Good link, although I didn't realize I was being 'a knee jerk reactionary' :) Don't really see myself being swept up the enthusiasm of a crowd either ;)
Here's a quote taken from an article accessed from a link in the article.
“From the data that I’ve seen, I’m not seeing any effect of exposure … to canola treated with clothianidin,” said Scott-Dupree, who led the field study with Chris Cutler of Dalhousie University.
Bees exposed to the insecticide produced virtually the same amount of honey as a control group of bees, said Scott-Dupree.
“A reduction in honey yield is an indication of overall poor colony health. If the pesticides are having an impact, the bees are not going to be foraging.”
The study comes at a time when European Union countries are banning or considering restrictions on three popular neonicotinoids: clothianidin, thiamethoxam and imidacloprid. Studies released last year in France demonstrated that bees exposed to thiamethoxam, a Syngenta product better known as Cruiser, were twice or three times as likely to die while foraging because they couldn’t find their way back to the hive.
A Scottish study demonstrated that colonies exposed to imidacloprid, a Bayer insecticide, produced 85 percent fewer queens than the control group.
The studies, subsequent reports and newspaper headlines compelled European politicians to respond. .
The European Commission recommended that EU countries prohibit the use of the three neonicotinoids in seed treatments and crop application for two years beginning this spring.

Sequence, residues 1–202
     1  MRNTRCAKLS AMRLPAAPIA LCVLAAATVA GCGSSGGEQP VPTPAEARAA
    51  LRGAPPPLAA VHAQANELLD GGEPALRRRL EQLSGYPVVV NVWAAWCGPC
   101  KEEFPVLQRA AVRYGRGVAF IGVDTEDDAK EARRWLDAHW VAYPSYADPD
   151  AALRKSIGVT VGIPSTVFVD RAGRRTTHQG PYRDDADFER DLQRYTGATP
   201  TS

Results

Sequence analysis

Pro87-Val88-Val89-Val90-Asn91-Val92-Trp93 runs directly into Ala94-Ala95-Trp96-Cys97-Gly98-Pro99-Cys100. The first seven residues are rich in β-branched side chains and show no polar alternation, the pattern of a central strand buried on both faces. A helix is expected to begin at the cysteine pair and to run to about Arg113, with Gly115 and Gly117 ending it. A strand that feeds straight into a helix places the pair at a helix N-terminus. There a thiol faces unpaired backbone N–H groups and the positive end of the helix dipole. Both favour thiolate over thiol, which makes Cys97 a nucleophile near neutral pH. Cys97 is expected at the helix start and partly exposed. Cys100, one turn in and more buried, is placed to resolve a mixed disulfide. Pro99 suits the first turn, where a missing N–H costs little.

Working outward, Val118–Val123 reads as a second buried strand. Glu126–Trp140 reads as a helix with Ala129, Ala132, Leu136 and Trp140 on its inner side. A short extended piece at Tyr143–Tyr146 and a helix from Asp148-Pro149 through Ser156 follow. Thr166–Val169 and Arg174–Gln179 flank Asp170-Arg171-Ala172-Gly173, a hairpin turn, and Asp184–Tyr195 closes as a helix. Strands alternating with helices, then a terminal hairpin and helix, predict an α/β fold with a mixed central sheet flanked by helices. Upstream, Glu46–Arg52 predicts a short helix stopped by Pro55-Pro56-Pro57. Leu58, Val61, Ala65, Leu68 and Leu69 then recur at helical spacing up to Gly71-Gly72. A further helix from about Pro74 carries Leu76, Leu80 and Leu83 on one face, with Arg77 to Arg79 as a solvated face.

Bayer funded Scott-Dupree’s canola study at a cost of $950,000 in an effort to produce field scale data on clothianidin and its impact on bee health.
“That’s huge. That’s (for) a one year study,” she said.
“Last year it was the largest bee project that (Bayer) had going globally.”
Scott-Dupree and eight employees placed 40 bee colonies in 10 canola fields near Guelph last summer. Five canola fields had seed treated with clothianidin and five fields did not. The fields were 10 kilometres apart and five acres in size.
The hives were placed in the middle of the canola fields at 25 percent canola bloom, and the bees foraged on the canola for two weeks.
Now I know it's not scientific, but a local commercial beek told me he lost 50% of his hives last spring when the corn was planted. I have heard the dust from the pesticide coated seed (when planted by the seed drills) has resulted in high mortality ... and the study didn't measure those levels. Also I have seen a 5 acre field ... and I doubt four hives of bees is going to forage exclusively (tho I don't know nothin bout canola or what 25% canola bloom looks like ... so maybe the bees were in canola pollen heaven) in a 5 acre field. Y'all can decide for yourself.
The scientific study (In my non scientific opinion) seems a bit far from proving that there is no problem with neonics. I am not surprised that a study funded by Bayer would not measure the levels of pesticide in the dust created when planting.
Anyway, I am so close to Guelph! In fact, I'm taking a beekeeping course there end of April! I don't think I'll be seeing Scott-Dupree but maybe I can find out what she's driving. ..... hope it's a pick up ... but I kinda doubt it :) If I hear anything about the study or neonics I'll share it here on the 'QT'. It won't be 'scientific' ... but it won't be kneejerk either (or funded by bayer).